had to make the tough call to call it. My buddy soldiered on, and conquered the top, while I waited, frustrated, ashamed at myself that I could not muster the strength to make it the last short distance.
So yea, it was humbling. As I started to descend down the loose rock, steering the bike with the rear brake only, I still did not feel better. My head cloudy, queasy still, and a little dizzy. I modulated my speed as best I could, and finally got back to the cars without killing myself in the process. For me, this was hard to accept, but I need to realize I'm not a Pro, I do not earn a living doing this, the object is to have FUN, and I sometimes take myself and my riding way too seriously. It was a tough climb. All told, I gained 5,400 feet in a 25 miles out and back ride. This was the most climbing I have done to date, although I have bagged over 4,000 multiple times. This was harder. So I know now I'll be back. I'll hit it 5-10 lbs lighter, perhaps with a lighter pack, cooler temps, both brakes that actually work, and a little more tire under me. After all, I hate the taste of Humble Pie!
Great story and a good effort. I am an older rider as well an suggest you may need additional salt on a hot sweaty ride.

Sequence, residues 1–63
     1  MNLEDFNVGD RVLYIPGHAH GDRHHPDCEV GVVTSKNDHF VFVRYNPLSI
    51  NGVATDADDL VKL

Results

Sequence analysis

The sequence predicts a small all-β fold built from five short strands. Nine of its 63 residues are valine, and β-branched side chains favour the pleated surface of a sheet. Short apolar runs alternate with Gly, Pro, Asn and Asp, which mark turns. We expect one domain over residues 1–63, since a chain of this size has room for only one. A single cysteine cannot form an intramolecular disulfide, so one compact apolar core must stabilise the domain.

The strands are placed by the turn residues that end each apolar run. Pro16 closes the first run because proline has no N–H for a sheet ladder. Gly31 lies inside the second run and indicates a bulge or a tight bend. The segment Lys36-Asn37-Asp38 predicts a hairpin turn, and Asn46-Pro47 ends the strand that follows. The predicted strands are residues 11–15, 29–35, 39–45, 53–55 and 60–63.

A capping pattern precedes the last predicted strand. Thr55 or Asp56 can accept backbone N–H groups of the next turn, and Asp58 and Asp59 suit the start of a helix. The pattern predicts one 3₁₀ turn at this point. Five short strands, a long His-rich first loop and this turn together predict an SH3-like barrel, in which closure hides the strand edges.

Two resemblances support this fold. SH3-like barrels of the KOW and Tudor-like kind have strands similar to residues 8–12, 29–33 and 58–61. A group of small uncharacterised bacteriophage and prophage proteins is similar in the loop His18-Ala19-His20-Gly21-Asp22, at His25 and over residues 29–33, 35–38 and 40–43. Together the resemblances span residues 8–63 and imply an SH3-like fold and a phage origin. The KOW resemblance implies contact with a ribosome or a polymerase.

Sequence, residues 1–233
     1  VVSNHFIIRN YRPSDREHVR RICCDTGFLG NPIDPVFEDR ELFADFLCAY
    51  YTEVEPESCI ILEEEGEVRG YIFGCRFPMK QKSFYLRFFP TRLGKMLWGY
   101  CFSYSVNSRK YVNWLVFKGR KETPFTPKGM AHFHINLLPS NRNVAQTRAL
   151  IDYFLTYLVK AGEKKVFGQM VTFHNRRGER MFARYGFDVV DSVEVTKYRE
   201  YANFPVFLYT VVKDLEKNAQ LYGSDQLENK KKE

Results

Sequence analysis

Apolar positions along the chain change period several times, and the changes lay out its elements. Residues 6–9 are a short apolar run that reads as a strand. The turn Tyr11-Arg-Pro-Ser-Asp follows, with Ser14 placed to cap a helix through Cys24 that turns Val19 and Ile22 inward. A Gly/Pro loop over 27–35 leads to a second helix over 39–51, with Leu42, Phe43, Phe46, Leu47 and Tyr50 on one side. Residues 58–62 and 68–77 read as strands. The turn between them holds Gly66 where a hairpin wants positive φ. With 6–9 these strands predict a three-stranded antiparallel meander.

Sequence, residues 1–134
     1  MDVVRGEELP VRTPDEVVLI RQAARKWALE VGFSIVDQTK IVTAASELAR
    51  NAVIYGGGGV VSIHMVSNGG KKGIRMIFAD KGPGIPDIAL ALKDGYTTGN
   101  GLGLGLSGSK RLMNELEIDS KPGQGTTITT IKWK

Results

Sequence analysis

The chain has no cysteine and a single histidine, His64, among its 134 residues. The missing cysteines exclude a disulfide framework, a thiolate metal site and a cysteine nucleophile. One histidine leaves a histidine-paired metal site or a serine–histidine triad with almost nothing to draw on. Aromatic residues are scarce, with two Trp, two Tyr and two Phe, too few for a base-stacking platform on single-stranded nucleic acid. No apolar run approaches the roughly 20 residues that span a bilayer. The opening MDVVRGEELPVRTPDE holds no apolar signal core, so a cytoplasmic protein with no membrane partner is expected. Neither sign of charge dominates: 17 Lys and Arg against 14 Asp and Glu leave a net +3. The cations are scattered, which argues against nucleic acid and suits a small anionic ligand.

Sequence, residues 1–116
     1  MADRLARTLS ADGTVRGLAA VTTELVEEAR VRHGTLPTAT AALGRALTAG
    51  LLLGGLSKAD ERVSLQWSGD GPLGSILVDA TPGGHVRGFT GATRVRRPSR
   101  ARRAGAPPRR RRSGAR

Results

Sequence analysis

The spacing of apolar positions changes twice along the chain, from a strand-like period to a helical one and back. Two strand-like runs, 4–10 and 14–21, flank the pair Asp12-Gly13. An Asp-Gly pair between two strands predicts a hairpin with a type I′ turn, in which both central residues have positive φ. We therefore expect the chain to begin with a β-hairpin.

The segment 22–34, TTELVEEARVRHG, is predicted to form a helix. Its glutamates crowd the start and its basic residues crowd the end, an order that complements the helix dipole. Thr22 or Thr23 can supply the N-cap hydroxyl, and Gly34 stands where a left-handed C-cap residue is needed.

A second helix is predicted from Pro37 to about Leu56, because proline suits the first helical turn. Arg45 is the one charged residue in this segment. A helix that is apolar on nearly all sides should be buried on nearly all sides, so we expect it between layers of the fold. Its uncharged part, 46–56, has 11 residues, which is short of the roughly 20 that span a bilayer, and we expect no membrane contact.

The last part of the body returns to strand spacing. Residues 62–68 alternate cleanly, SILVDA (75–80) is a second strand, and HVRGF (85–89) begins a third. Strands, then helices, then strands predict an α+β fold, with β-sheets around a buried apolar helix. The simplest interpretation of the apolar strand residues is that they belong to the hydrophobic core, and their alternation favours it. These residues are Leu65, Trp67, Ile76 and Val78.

Consciousness, that annoying time between bike rides.
Lighter pack? Probably not. Fourth ride of the week? Hell no.
I think you would have finished had you given yourself more recovery time prior to the day of.
If you are like everyone else, you didn't eat and drink as much as you needed overall. Combine this with an energy output that is significantly higher than short-term recovery capability, you've got a good mix for a bad ride.
Being older, I've found that a lack of significant occurances of lower grades means I have to either put it in a very low gear and chill out for about five minutes every so often, or get off and rest or walk a bit. I prefer to grind a low gear as it results in more energy and less chance of cramping than the other two options.